Friday, December 16, 2005

The House voted last night to build nearly 700 miles of fence along the U.S.-Mexico border as it began the first major floor debate in years on enforcing immigration laws.

The vote, 260-159, came on an amendment to a border-security and employer-verification bill that is scheduled for a final vote today.

Republican leaders appeared to have cleared a remaining hurdle last night by promising to remove language that said there should be a legal means for foreign workers to come and go.

Some Republicans had argued that the provision, which was nonbinding, was a place-holder to attach a guest-worker plan in the future and thus was a deal-killer.

On the fence construction vote, 49 Democrats joined 211 Republicans in supporting it while 12 Republicans joined the Democrats and one independent in voting against it.

Supporters of the fence said stopping the flow of illegal aliens is critical to dealing with illegal immigration.

“We need to stop the bleeding before we can stitch the wound,” said Rep. Phil Gingrey, Georgia Republican.

But Democrats said it will hurt commerce, irk neighboring countries and fail to keep people out.

“People will escape from Mexico and the southern border. This will only injure the relationships and cause no greater security,” said Rep. Sheila Jackson-Lee, Texas Democrat.

Rep. Duncan Hunter, California Republican and the amendment’s chief sponsor, said the success of a fence near San Diego convinced Congress and voters that the concept works.

“Democrat and Republican, the people agree the fence has worked,” he said. “It’s cut down on murders, it’s cut down on smuggling, and it’s brought order on both sides of the border.”

Mr. Hunter’s plan calls for 698 miles of fence at five locations along the 1,940-mile border. The barrier would be modeled from the San Diego fence, a two-layered reinforced fence with roads, surveillance cameras and sensors. Cost estimates run from $1.5 million to $2 million per mile.

Polls show a fence has overwhelming support among voters.

But Mexican President Vicente Fox this week criticized the idea, calling it “disgraceful and shameful” and saying it “will not protect the economy of the United States.” He said a fence would violate migrants’ rights and instead repeated his call for Congress to pass a bill to legalize illegal aliens.

In a body where ideas usually take years to germinate, supporters said they were amazed at how quickly the fence idea grew from an idea that a few members were talking about this summer.

“How quick a time frame for this to go from a thought to all of the sudden an accepted amendment,” said Rep. Tom Tancredo, Colorado Republican.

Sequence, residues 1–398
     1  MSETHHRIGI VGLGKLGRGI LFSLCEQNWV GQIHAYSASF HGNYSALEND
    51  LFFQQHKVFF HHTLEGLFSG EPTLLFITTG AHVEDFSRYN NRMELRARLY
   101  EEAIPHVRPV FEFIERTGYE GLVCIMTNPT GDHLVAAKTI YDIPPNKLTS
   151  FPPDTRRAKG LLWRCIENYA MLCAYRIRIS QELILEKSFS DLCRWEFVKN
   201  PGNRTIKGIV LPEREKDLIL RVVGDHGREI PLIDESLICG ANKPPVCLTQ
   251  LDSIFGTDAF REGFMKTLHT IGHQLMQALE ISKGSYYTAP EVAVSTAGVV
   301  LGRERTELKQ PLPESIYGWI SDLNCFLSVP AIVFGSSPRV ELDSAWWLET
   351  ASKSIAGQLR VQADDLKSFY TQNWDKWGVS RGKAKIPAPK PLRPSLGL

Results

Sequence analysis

The House bill would repeat last year’s call for more U.S. Border Patrol agents, expand expedited removal of illegal aliens, allow sheriffs in border counties to help federal immigration authorities and require employers to verify employees’ Social Security numbers through a national database.

Lawmakers and advocacy groups on both sides of the issue agreed that the bill never will become law as is, and even Republican leaders said it must include a guest-worker plan by the time it gets to President Bush.

“As we move this legislation to the president’s desk, it should include comprehensive reform,” Rep. David Dreier, California Republican and chairman of the Rules Committee, said on the floor.

The Senate is expected to begin debate early next year on enforcement of immigration laws, a guest-worker program and a path to citizenship for illegal aliens.

Rep. Jeff Flake, Arizona Republican and a strong supporter of both a guest-worker plan and the legalization of illegal aliens, said the House has failed by not doing the same.

“It’s a shame for the House to rely on the Senate for what we have to do,” he said, adding that he doesn’t think the government could successfully enforce the bill without a guest-worker program anyway.

But Rep. Steve King, Iowa Republican, said he has a “handshake” deal with House Republican leaders that they won’t allow a guest-worker plan to be attached to this bill.

“I don’t think the leadership will allow a bill to come to the floor that comes back from the Senate with guest-worker” proposals, he said.

Many Democrats and some Republicans say that enforcement alone would shut down entire industries because they are so dependent on illegal employees and that the bill is unfair to an estimated 11 million illegal aliens who want a chance to work.

“This bill steps on the spirit of Christmas for 11 million people,” said Rep. Sam Farr, California Democrat.

Rep. Jim Kolbe, Arizona Republican and a partner with Mr. Flake on a bill to create a path to citizenship for illegal aliens, said he urged leaders to pull the bill until next year, when the issue can be debated in full.

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